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The Pylon Reenactment Society Pays Tribute

Pylon’s legacy lives way beyond “Cool” appearing in a Lexus commercial, as evidenced by growing interest in singer Vanessa Briscoe Hay’s all-Athens tribute act, the Pylon Reenactment Society. The project was born in May 2014, when local musician Jason NeSmith asked Hay to perform a 15-minute set of Pylon material for the first Art Rocks Athens. In August 2015, a second annual celebration of Athens’ art and music scenes from 1975–1985 found Hay and friends performing a full opening set for Atlanta new-wave pioneer Kevin Dunn and the B-52s’ Fred Schneider.

“That set went over really well,” Hay says. “Our friends in Dressy Bessy heard about that show and asked us to open for them on four slots of their national tour to promote their new album. We said ‘heck yeah!’”

Hay makes a point to differentiate these sets from the Pylon canon. “Pylon died when Randy [Bewley] passed away,” she says. “We do try to be faithful in spirit, and I have the blessing of Michael Lachowski and Curtis Crowe. I sure wouldn’t do it if they disagreed in any way.”

NeSmith doubles as Hay’s guitarist, while fellow Casper and the Cookies member Kay Stanton plays bass. Both have played with Hay before in “Appalachian wave” collective Supercluster. The Glands drummer Joe Rowe and local keyboardist Damon Denton round out the re-enactors. “We have added a keyboard player for some songs, but Pylon did a little bit of doubling up in the studio,” Hay says. “And there is keyboard on some parts of Chomp, so it is not out of the spirit of Pylon.”

The band name is an inside joke from Pylon’s third run that first surfaced in a 2010 Georgia Music magazine feature. In the article, bassist Lachowski likens the band’s 2005–2008 comeback to being in a Pylon Historical Reenactment Society. “I don’t remember who said it first, but basically we were having to relearn everything and called ourselves that at practice,” Hay says. “When I had to put a name on this project to set itself apart from Pylon, I shortened it a little. We only have one original member and can’t call ourselves Pylon—although I know there are other touring bands out there that only have one original member.”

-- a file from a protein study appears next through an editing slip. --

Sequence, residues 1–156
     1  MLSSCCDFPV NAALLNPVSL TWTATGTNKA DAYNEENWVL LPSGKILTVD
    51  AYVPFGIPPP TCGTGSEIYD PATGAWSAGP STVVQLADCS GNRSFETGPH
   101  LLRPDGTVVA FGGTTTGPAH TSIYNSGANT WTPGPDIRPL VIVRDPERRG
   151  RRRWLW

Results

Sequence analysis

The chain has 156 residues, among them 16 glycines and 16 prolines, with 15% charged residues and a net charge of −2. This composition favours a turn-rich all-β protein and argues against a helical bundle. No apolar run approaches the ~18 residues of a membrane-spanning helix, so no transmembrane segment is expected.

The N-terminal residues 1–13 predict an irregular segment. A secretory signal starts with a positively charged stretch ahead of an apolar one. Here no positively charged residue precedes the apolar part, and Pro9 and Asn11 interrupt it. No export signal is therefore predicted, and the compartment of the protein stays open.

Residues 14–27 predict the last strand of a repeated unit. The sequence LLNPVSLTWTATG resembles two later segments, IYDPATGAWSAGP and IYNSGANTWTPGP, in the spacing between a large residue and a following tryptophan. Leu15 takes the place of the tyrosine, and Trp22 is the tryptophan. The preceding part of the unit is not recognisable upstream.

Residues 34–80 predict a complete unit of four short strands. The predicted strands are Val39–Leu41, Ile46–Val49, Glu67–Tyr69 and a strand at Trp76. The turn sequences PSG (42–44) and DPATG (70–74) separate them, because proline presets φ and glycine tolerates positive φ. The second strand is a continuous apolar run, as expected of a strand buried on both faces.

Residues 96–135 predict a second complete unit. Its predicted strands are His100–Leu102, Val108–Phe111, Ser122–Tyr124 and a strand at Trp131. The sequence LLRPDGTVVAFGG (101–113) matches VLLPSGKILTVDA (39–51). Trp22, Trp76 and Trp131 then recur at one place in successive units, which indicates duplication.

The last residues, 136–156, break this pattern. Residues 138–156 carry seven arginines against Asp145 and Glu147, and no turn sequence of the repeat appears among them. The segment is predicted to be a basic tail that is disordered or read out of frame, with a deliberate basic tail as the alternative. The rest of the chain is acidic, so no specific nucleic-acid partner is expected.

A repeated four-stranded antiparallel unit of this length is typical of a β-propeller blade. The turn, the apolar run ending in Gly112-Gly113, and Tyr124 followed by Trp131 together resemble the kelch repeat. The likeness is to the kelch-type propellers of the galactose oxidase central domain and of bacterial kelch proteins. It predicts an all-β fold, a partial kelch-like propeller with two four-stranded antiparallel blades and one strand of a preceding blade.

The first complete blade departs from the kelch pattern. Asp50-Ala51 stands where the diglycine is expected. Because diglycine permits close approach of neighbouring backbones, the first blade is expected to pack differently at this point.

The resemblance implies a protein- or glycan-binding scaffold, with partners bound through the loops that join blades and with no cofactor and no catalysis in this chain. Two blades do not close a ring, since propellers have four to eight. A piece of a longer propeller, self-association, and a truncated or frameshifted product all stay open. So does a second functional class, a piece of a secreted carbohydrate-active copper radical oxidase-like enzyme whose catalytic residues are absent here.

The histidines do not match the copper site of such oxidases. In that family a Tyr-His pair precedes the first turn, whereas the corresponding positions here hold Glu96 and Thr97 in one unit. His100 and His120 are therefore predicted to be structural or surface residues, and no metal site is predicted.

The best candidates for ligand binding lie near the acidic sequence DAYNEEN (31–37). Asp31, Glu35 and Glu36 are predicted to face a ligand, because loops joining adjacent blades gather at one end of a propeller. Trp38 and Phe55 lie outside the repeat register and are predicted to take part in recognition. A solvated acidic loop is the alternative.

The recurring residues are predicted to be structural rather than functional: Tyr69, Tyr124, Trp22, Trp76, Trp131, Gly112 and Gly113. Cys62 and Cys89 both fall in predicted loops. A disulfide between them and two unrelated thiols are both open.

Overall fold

For Stanton, unraveling Pylon songs has magnified the band’s mystique. “When I get in there and start dissecting a song, I can’t tell you how many times I’ve thought, ‘How the hell did they do that?” she says.

Learning Bewley’s guitar parts has not demystified the band’s aura for NeSmith, either. “The more I got into them, the more convinced I became that what they did was very special, but the less certain I was about how they did it,” he says. “Even befriending them didn’t really help to explain the process. They are all pretty regular people in most ways. But together they worked on another level that maybe even they didn’t understand.”

Rowe, a part of regional indie rock lore in his own right, mirrors his bandmates’ reverence for the songs and story behind Pylon. “When I moved to Athens in the fall of 1987 to go to the UGA school of music, one of the first things I did was go to Wuxtry Records and buy two cassette tapes,” he says. “One was a record by The Fall and the other was Gyrate by Pylon. I vividly remember driving around Athens’ hilly one-way streets, playing those Pylon songs over and over. For me, they fit in perfectly with all the other stuff that I was listening to: Devo, Gang of Four, Sonic Youth… I quickly started playing in bands in Athens and dropped out of school.”

Denton is the odd man out in some ways—a classically trained pianist instead of a punk rocker, filling a role absent from the Pylon live set. Still, he finds these songs are not the complete opposite of classical compositions. “Being in a Pylon project is exciting for me because my classical/contemporary piano world is mostly acoustic and unplugged,” he explains. “Pylon is similar to me only in that it’s like chamber music: a quintet. The music has historic placement, which amps up its live show effects.”

The enduring legacies of 1980’s Gyrate and 1983’s Chomp should provide plenty of fuel for future Reenactment Society sets. Still, Hay does not rule out the possibility of new, non-canon material. “It would be fun to write a Pylon Reenactment Society song done in the spirit of Pylon,” Hay says.